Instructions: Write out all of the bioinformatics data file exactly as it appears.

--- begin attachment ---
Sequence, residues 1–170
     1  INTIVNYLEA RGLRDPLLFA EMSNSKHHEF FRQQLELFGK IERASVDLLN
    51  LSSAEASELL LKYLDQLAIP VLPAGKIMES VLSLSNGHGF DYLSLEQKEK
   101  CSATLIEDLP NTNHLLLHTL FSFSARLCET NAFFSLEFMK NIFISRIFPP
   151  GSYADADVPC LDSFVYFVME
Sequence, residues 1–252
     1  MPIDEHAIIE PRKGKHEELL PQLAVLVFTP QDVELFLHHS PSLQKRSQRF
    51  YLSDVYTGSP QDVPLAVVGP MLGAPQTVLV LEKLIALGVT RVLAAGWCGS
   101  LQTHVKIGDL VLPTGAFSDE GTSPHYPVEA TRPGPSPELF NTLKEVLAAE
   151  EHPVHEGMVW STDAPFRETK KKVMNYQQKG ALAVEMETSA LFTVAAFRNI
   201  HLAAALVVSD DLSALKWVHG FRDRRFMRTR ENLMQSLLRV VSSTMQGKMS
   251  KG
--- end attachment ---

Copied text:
Sequence, residues 1–170
     1  INTIVNYLEA RGLRDPLLFA EMSNSKHHEF FRQQLELFGK IERASVDLLN
    51  LSSAEASELL LKYLDQLAIP VLPAGKIMES VLSLSNGHGF DYLSLEQKEK
   101  CSATLIEDLP NTNHLLLHTL FSFSARLCET NAFFSLEFMK NIFISRIFPP
   151  GSYADADVPC LDSFVYFVME
Sequence, residues 1–252
     1  MPIDEHAIIE PRKGKHEELL PQLAVLVFTP QDVELFLHHS PSLQKRSQRF
    51  YLSDVYTGSP QDVPLAVVGP MLGAPQTVLV LEKLIALGVT RVLAAGWCGS
   101  LQTHVKIGDL VLPTGAFSDE GTSPHYPVEA TRPGPSPELF NTLKEVLAAE
   151  EHPVHEGMVW STDAPFRETK KKVMNYQQKG ALAVEMETSA LFTVAAFRNI
   201  HLAAALVVSD DLSALKWVHG FRDRRFMRTR ENLMQSLLRV VSSTMQGKMS
   251  KG